During the second 12 episodes, Birgitte is no longer the idealistic starter. She becomes a slick powerbroker, good at making deals and accepting her ideals may have to be watered down to get workable compromises. Her party and government become less and less popular.
The same goes for Birgitte’s spin doctor Kaspar Juul, journalists like Hanna and Katrine, the team at the prestigious television station and other characters. Kaspar Juul needs to face a dark past. Hanna, an alcoholic journalist past her best, may be a later version of Katrine and only gets a job because Katrine pulls strings.
All the various story-lines are cleverly linked to the main plot, as in the first series created by Adam Price. This second series ends with Birgitte calling an election, as opinion polls predict a minor gain in votes.
At the start of the third series, which has only ten episodes, a few years have passed. Birgitte must have lost the election, for she’s left politics. Like many real-life politicians, she’s now part of the international lecturing circuit.
While in Hongkong, she meets a new love. But back in Denmark, when her former party yet again betrays principles in order to remain part of a coalition government, she decides to get back into politics. This is easier decided than done. Moreover, Birgitte has to face a serious health issue.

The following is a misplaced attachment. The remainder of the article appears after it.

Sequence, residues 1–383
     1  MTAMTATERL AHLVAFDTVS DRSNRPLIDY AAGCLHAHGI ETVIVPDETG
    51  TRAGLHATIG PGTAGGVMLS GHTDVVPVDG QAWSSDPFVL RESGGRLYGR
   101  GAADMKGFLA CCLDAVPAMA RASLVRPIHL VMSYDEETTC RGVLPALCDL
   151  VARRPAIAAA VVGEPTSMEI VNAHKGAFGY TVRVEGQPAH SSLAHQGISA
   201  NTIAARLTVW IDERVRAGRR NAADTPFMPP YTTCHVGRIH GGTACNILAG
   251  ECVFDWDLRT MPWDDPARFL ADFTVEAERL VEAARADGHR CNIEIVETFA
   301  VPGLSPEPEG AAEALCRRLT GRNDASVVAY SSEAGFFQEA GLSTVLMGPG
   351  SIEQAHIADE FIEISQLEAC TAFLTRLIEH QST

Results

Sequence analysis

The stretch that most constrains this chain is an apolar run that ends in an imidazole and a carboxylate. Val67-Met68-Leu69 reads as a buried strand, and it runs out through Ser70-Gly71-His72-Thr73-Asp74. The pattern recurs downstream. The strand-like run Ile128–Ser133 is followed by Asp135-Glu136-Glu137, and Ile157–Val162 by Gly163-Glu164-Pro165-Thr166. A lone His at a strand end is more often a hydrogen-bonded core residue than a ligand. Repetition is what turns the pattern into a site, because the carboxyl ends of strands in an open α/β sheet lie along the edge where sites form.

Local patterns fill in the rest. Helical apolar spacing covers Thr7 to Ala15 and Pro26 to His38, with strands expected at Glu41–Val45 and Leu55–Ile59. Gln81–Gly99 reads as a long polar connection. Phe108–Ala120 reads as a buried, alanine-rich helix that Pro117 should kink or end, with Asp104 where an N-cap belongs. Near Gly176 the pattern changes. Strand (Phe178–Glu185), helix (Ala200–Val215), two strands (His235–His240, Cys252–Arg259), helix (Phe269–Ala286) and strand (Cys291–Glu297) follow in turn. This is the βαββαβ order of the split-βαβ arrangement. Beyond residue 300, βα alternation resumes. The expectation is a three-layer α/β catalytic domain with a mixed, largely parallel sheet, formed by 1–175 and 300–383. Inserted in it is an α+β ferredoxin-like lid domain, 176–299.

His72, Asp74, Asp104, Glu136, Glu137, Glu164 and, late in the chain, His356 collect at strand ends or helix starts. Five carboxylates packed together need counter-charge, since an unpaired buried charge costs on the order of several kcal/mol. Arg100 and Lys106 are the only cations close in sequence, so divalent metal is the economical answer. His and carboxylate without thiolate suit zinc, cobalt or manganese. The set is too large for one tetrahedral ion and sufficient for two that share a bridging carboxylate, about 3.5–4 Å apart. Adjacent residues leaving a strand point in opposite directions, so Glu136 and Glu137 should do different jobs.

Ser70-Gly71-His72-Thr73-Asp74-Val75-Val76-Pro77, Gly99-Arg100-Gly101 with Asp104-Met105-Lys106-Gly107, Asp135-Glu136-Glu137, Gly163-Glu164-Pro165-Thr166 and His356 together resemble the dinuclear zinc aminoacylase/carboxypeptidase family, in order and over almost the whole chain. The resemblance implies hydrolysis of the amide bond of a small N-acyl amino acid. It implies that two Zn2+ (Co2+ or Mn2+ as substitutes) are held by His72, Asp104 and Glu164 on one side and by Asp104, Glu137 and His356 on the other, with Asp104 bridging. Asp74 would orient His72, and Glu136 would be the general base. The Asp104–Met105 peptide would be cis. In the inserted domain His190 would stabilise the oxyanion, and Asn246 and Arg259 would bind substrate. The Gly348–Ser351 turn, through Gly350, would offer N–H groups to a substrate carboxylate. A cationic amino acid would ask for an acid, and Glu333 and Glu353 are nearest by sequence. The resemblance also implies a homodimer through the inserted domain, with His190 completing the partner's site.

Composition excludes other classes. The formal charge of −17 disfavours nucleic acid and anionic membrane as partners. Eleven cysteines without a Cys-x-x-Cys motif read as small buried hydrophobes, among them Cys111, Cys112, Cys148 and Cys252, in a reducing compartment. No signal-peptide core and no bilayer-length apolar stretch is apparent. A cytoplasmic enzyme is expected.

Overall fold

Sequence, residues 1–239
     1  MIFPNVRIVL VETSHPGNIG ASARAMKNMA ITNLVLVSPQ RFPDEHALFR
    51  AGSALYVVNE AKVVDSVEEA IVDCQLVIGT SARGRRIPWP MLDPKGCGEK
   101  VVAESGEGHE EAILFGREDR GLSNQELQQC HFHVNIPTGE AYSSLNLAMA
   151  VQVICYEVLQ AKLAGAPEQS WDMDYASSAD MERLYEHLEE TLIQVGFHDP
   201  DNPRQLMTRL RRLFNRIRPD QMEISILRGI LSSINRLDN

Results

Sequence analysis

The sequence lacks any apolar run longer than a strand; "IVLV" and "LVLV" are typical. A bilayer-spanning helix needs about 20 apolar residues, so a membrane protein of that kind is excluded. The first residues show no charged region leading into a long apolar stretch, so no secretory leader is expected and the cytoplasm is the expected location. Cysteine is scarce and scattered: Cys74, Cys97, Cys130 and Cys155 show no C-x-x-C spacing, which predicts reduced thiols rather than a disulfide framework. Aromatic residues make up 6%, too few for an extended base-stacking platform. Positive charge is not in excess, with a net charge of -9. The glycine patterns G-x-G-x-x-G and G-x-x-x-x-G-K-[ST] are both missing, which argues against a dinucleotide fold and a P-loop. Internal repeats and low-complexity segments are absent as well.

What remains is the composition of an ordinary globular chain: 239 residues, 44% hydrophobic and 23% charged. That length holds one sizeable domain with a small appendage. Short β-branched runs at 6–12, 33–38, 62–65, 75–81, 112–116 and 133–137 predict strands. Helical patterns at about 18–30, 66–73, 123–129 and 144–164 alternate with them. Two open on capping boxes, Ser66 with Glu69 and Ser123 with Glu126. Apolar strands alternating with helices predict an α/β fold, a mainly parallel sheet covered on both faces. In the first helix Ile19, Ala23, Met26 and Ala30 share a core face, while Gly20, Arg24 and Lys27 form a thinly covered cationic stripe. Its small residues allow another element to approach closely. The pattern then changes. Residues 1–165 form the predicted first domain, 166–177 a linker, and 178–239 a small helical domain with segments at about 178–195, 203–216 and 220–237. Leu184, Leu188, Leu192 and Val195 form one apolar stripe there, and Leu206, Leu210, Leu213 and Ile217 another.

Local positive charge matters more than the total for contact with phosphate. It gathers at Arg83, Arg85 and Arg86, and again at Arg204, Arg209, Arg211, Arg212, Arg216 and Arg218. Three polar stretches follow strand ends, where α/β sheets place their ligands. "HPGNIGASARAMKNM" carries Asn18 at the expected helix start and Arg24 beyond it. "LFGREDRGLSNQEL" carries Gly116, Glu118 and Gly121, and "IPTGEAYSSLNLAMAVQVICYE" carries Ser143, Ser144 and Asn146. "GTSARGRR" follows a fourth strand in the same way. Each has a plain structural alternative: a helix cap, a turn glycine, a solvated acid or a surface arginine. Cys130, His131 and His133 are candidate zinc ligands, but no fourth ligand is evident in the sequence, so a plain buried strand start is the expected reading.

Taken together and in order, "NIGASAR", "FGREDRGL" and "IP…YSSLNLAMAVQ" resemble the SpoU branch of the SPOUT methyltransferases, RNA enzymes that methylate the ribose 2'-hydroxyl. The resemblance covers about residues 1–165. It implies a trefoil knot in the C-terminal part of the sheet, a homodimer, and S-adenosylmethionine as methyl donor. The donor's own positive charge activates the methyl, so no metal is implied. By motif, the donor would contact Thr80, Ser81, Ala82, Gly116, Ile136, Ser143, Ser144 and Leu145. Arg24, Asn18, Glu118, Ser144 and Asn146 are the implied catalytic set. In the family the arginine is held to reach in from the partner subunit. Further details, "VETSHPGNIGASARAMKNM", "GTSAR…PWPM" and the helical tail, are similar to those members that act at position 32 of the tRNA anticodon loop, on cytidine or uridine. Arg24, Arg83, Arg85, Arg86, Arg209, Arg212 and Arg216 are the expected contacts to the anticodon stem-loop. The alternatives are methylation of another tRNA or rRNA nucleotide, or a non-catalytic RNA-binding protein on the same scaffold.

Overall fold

All the other characters have also moved on. Kaspar Juul and Katrine are for instance no longer together. Like Hanna, he works at TV1. The team of TV1 has to cope with a new jerky boss. Katrine becomes Birgitte’s new spin-doctor. In this series, the focus is not only on politics, but also on the role the media play in politics. Even more so than in the previous two series.
Usually, series start off well enough but then deteriorate, start to repeat themselves, need more and more fantastic plots to keep the attention of viewers. This is not the case here. Each episode of Borgen is totally realistic and convincing. All the fictional characters find themselves privately as well as publicly facing situations any of us may have to face in real life. The fictional characters have to come to term with weaknesses, betrayals, disappointments, comprimises.
As one who had the chance to observe and witness relatives and colleagues operating at various political levels from the sideline – though not in Denmark but elsewhere in the EU – I found all three Borgen series totally convincing and brilliant. Working with a small cast of characters, this series manages to lift a tiny part of the curtain which usually hides how politicis in a western democracy works. It also shows quite rightly and realistically, how power and might corrupt.
So: if you’re facing a couple of days with nothing much to do, stock up the fridge and kitchen cupboard and try get your hands on the DVD box with all three series.
The DVD Box of Borgen/The Government is available through Amazon